Su Youn Nam*, Il Ju Choi‡, Kum Hei Ryu*, Bum Joon Park*, Hyun Bum Kim§ and Byung-Ho Nam∥
‡ Center for Gastric Cancer, National Cancer Center, Goyang, Korea
* Center for Cancer Prevention and Detection, National Cancer Center, Goyang, Korea
∥ Center for Clinical Trials, National Cancer Center, Goyang, Korea
§ Department of Radiology, National Cancer Center, Goyang, Korea
Conflicts of interest The authors disclose no conflicts.
Funding Supported by a grant (NCC 0810200) from the National Cancer Center, Korea, which had a role in the collection of the questionnaires and was financially responsible for the abdominal multidetector computed tomography.
Background & Aims
Data on the association between erosive esophagitis and obesity are inconsistent because of variations in study populations and methods used to determine obesity.
Participants in a prospective health-screening cohort underwent esophagogastroduodenoscopy and computed tomography. The association between erosive esophagitis and obesity (measured by body mass index [BMI], waist circumference, and abdominal visceral adipose tissue volume) was estimated with odds ratios (ORs) and 95% confidence intervals (CIs), adjusting for confounding factors. We also analyzed the association between obesity and erosive esophagitis by sex.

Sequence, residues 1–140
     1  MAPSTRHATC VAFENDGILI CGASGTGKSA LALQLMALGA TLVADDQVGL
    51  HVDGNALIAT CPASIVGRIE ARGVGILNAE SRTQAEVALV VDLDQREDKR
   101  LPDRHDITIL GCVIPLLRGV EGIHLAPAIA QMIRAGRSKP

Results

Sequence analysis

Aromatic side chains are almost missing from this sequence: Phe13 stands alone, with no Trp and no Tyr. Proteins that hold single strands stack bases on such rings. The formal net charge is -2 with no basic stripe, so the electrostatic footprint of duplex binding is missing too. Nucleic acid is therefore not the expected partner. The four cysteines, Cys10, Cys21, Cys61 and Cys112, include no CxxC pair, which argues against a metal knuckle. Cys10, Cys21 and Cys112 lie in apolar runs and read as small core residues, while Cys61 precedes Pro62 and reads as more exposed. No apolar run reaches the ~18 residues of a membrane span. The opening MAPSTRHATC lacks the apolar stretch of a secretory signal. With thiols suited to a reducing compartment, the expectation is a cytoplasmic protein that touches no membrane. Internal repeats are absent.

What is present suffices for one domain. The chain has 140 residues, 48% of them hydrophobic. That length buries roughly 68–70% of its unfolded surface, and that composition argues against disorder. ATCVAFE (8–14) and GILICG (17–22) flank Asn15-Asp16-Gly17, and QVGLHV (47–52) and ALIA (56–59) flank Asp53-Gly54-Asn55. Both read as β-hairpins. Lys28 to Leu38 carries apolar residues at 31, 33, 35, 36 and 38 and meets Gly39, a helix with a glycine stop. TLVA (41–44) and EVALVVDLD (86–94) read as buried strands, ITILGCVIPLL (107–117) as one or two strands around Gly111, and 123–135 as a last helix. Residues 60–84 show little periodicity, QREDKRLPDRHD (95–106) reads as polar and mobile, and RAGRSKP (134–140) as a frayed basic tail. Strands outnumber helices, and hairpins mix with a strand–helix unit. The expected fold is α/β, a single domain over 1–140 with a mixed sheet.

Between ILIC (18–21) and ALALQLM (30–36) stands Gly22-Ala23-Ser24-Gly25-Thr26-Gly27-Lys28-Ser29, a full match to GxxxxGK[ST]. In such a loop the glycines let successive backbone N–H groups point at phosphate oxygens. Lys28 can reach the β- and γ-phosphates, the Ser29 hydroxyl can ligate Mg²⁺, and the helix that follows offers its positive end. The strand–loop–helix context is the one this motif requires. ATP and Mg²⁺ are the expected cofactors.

The prevalence of erosive esophagitis was 9.3% (495/5329). The OR for erosive esophagitis correlated with obesity measured by BMI, waist circumference, and abdominal visceral adipose tissue volume (P < .001 for each factor). The multivariate OR for erosive esophagitis was 1.97 (95% CI: 1.34-2.90) for a visceral adipose tissue volume of 500?999 cm3, 2.27 (95% CI: 1.51-3.39) for 1000?1499 cm3, and 2.94 (95% CI: 1.87-4.62) for ≥1500 cm3, compared with participants who had visceral adipose tissue volumes less than 500 cm3. When measures of obesity were analyzed simultaneously, abdominal visceral adipose tissue volume, but not BMI or waist circumference, was associated with erosive esophagitis. The 3 measures of obesity were significantly associated with erosive esophagitis in males, but only visceral adipose tissue volume was associated with erosive esophagitis in females (P = .002).
In contrast to BMI or waist circumference, abdominal visceral adipose tissue volume is associated with an increased risk of erosive esophagitis in males and females.
Keywords: Gastroesophageal Reflux Disease, Reflux Esophagitis, Visceral Fat, Abdominal Obesity
Abbreviations used in this paper: BMI, body mass index, CI, confidence interval, CT, computed tomography, GERD, gastroesophageal reflux disease, MRI, magnetic resonance imaging, OR, odds ratio